Robin Dorff portrays Richard Henry Lee and sings the vaudevillian number “Lees of Old Virginia.” The first time I saw it I didn’t like it because the staging wasn’t what I expected, but the second time I viewed it I loved it and laughed out loud at his antics and word play. Dorfffff also plays the president of the Congress, John Hancock, a role for which he dons an eye patch. And what role cannot be enhanced by an eye patch? He is authorities and caring at the same time and is great.

I didn’t get to see much of Ian Finley’s “Momma Look Sharp” song sadly because I was running around desperately re-patching lights all during it, but from what I hear it will tear your heart out.

The lighting is poor and leaves the actors in the dark a lot. There is too much back light and not enough front light. The backlight I am sure makes the actors stand out from the background. Is this done on purpose? I want to see my actors. Some of this is the restrictions of the space I am sure. But it makes me sad when I can't see actors. I need to see them to hear them.

There are a few weak actors and a few weak voices, but overall the ensemble is strong. And for the most part can be easily heard over the music. I hate going to musicals because I usually cannot hear the actors singing over the orchestra or I am subjected to popping crackling and failing of wireless microphones. 1776 was a nice refresher, only occasionally drowning out the cast.

Adam Twiss as Rutledge was very well portrayed and sold the slavery song well. I did not particularly like the staging of this "Molasses and Rum" number, but I’m not sure how else you can do it without it being cliché. Were the bags over the heads supposed to have something to do with the enemy combatant abuse scandals of late? That seems out of keeping with the rest of the show and is confusing. A dim spot on an otherwise shining production.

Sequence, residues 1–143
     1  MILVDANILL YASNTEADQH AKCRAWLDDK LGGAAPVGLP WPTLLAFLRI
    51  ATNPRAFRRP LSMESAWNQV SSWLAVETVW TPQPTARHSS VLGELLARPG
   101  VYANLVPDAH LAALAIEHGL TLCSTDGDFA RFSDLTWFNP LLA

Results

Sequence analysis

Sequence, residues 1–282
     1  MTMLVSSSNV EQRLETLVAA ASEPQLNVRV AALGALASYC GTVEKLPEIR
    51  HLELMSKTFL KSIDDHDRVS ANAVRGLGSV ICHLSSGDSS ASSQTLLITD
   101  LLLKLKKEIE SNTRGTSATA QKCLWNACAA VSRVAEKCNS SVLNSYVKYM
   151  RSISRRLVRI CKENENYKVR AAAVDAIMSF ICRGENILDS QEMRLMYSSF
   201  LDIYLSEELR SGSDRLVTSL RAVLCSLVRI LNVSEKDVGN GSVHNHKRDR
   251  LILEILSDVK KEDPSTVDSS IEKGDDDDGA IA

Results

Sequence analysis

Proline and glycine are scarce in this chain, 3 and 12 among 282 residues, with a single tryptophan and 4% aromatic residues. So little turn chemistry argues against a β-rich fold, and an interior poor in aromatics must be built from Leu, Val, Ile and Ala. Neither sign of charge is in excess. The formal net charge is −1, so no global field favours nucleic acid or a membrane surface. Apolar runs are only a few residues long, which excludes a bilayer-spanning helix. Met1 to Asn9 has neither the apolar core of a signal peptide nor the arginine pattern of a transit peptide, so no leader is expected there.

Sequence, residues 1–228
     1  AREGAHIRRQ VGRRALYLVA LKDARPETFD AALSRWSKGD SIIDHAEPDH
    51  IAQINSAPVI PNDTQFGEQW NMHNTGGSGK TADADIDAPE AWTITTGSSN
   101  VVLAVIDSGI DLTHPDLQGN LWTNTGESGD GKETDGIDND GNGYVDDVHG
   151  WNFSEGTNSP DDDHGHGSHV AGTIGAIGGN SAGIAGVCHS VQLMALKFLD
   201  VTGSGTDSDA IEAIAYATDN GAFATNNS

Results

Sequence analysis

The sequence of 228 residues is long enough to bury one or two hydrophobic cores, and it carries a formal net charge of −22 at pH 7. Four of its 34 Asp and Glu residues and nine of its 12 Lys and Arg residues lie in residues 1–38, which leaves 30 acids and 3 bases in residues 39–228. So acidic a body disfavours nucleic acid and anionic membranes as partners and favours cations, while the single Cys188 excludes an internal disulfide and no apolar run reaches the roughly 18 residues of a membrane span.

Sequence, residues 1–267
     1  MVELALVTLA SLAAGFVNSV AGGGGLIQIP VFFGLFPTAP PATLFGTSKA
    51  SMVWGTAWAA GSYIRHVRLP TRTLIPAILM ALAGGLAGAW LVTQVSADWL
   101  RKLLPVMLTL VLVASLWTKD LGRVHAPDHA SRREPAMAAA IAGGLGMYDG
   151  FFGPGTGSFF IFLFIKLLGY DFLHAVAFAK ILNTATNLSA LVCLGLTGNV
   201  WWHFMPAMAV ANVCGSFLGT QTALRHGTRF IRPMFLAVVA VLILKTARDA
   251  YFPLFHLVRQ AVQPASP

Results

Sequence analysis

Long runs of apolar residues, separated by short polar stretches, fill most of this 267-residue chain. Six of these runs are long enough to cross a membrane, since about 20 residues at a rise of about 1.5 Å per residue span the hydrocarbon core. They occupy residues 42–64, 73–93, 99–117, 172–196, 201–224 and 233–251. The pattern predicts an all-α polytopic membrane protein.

Robert Kaufman depicts John Rutledge, an opponent of independence. His what you would typically think of as a character actor, but he is fantastic as the ‘villain’ who is not a villain. He, too, is fighting for what he believes in. He is a little hard to hear in the minuet song, but is otherwise entrancing in his role. You understand his cause and you kind of agree with him for a moment or three.

John Moletress as Jefferson is enigmatic and brooding, but also a little smirky which makes him arrogant which makes me not quite take to him. I wonder if this is purposeful? It doesn’t fit. But he is not all good or all bad and that makes him interesting to watch. He owns slaves, but wants the emancipation paragraph left in the declaration. Those wacky patriots.

The Strings are Unstrung (“He plays the Violin”) song performed by Becca Easley as Jefferson’s wife Martha is sexually charged and it is great fun to see Adams and Franklin lusting after her. This seems to be the way the song was meant to be staged, and it is a wonder why it is not usually done this way.

What this production serves up is an environment where you fully expect the British troops to burst in and arrest them all any minute.

And that is exactly what 1776 needs to make it work, to grab you and not let go until the end.

I don't have a program so I cannot name all of the good actors one by one. Al Singer is great in multiple roles. As is the fellow who plays McNair. Hopkins from Rhode Island is is too young for his role, but Jason whoselastnameIcanneverremember pulls it off anyway with humor.

I won’t tell you how this one ends! But you should go see it yourself.

6:16 PM